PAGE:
• Hi Amy, I really enjoyed your video and the strategies for creating learning about behaviors. I work for an educational service unit where I am the resource for about 20 schools. From the start of this school year, I have had three different schools have behavior issues with three kindergarteners. They refuse to work or get so frustrated that they either run out of the room or lay on the floor and throw a tantrum or the last kinder is a threat to the safety of other students. What are some suggestions for this type of behavior? These are not just simple fixes!! Thanks so much!

  • You are so inspiring and encouraging. I would love to use some of your strategies in the future. Thank you for sharing such helpful content.

  • What kinds of items do you put in your treasure box that students are interested in? I teach Kindergarten and I give out stickers and pencils for many things so they are not as excited with those being in the treasure box. I also try not to do candy either. But I am finding that keeping it filled and exciting is hard to do while also not spending a bunch of money.

  • Thank you so much for your videos! I’m going to become a Spanish teacher in high school soon and coming from Mexico I’m a little scared because I know how different things can be from one country to other.
    Your videos are helping me so much to get familiar with my new environment.
    You’re a great teacher ��

  • Do you think not having a behavior chart can work in every k classroom? I teach in a low income urban setting with lots of behaviors. My students always come in wild at the beginning of the year so it worries me to not have one, but I’d love to do it if it would work!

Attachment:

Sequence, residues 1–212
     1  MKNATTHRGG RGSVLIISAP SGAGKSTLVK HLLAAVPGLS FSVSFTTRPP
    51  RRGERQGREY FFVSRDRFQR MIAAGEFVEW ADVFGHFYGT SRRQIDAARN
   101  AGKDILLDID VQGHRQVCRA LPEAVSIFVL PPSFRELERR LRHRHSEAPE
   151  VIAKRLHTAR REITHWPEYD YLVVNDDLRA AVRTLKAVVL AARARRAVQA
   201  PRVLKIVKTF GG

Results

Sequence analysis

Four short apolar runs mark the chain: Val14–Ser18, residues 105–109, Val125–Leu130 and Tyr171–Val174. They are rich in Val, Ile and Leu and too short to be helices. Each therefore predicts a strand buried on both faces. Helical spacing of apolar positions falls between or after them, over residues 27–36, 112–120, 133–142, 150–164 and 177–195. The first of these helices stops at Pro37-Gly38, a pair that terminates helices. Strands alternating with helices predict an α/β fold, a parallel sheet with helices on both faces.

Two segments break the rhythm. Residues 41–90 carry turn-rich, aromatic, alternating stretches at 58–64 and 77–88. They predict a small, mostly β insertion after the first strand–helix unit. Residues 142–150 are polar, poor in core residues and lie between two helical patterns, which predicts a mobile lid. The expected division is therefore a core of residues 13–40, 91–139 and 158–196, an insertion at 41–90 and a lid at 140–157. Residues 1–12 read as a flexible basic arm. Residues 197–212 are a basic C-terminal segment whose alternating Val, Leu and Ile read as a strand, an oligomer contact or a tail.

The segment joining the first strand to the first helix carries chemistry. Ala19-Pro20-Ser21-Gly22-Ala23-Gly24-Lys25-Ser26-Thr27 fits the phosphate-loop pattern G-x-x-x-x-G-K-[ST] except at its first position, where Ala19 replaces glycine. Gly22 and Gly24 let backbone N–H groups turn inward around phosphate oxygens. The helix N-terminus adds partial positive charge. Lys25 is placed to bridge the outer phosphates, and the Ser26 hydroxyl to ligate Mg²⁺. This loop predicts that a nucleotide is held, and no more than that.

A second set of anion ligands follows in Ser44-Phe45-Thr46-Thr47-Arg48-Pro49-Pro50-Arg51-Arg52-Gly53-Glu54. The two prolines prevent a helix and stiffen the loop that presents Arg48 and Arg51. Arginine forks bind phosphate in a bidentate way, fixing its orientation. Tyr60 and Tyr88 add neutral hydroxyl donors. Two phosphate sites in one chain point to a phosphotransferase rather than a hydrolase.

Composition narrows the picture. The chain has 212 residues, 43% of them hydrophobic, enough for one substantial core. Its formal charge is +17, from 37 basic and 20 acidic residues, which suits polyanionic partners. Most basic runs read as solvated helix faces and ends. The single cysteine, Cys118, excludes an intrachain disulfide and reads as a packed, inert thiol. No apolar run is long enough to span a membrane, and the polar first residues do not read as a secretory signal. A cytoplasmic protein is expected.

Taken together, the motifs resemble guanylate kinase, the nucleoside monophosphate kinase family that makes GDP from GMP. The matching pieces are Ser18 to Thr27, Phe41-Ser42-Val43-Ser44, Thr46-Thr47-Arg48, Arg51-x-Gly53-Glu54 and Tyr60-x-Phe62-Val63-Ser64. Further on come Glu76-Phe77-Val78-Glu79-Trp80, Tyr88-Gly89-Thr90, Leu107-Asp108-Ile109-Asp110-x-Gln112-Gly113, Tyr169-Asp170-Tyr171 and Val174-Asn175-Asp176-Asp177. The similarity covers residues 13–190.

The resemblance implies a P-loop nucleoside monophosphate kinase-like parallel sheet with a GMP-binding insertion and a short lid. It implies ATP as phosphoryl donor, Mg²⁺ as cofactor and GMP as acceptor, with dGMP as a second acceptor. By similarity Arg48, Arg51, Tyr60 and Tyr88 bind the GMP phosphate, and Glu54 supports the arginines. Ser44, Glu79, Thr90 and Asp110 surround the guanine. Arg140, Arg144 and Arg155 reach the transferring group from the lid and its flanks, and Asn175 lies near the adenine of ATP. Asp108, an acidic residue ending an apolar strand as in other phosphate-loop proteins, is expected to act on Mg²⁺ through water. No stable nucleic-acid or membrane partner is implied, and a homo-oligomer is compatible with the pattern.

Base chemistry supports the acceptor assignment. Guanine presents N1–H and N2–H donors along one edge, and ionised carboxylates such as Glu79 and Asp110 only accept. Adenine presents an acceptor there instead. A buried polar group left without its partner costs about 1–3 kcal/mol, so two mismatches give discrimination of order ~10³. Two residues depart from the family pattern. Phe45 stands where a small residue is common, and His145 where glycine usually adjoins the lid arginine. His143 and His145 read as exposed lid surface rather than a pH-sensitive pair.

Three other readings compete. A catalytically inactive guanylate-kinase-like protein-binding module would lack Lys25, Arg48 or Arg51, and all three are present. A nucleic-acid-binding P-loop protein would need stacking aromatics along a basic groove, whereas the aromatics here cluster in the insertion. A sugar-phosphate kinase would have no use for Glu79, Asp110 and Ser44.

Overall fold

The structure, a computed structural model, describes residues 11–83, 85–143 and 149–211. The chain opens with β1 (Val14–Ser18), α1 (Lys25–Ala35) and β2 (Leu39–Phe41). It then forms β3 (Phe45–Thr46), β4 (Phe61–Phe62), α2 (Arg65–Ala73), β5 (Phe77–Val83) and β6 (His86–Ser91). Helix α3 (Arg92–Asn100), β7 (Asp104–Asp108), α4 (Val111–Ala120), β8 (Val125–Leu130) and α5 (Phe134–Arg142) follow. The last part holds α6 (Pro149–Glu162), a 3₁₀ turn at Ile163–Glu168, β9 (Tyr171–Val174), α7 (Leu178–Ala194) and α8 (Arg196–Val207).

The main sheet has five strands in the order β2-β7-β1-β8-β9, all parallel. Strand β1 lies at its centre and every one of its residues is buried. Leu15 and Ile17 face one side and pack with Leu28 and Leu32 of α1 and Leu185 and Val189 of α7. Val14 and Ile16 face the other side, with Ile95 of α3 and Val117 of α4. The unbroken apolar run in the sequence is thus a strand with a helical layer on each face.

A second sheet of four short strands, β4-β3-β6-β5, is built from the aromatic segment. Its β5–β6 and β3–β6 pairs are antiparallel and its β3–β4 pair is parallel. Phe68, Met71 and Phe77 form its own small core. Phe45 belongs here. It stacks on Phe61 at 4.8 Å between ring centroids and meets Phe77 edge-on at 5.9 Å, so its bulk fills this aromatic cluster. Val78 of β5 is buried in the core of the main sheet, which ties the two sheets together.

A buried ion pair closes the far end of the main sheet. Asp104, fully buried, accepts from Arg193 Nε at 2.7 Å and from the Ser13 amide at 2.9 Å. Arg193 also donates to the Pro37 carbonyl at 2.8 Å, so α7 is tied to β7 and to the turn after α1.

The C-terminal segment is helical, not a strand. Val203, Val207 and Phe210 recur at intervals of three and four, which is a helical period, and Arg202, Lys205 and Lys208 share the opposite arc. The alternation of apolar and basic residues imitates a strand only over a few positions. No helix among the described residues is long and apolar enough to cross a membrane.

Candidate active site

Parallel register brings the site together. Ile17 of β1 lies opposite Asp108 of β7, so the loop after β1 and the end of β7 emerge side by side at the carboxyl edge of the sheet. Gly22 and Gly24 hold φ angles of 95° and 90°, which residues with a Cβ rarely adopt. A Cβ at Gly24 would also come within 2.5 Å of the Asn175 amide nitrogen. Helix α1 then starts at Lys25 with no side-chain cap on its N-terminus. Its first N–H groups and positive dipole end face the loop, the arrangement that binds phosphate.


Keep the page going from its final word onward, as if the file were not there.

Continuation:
• in first grade we did a classroom thing where depending on how much homework you did, you would get a some amount of tickets and you would put them in a huge bucket and on friday she would draw names and u could get a prize

  • I would love to know if you have any tips on teaching kids how to advocate for themselves. I.e. genuinely dont feel good and should ask to go to the nurse

  • I’m sure this has already been asked but, how do you make your behavior wheel? Do you laminate it so it doesn’t fall apart? I’m teaching K5 starting this August. A bit nervous.

  • Hi I am so glad that I have watched your video about classroom management and tips on handling individual students behavior. Thank you for this video. I am looking forward for more of your videos.

  • Thank you for your advice on classroom strategies. I am currently at my final year of University and during my work experience i was surrounded around teachers who only relied on sanctions such as rewards which i didn’t agree with as it did not stimulate their learning. I will definitely follow these guidelines. Could you please deliver a mini session on confidence in the classroom. Thank you.

  • Your videos are wonderful, and very helpful even for people such as myself who want to be teachers but also want to understand what it takes, and what is going to be expected and required. Thanks!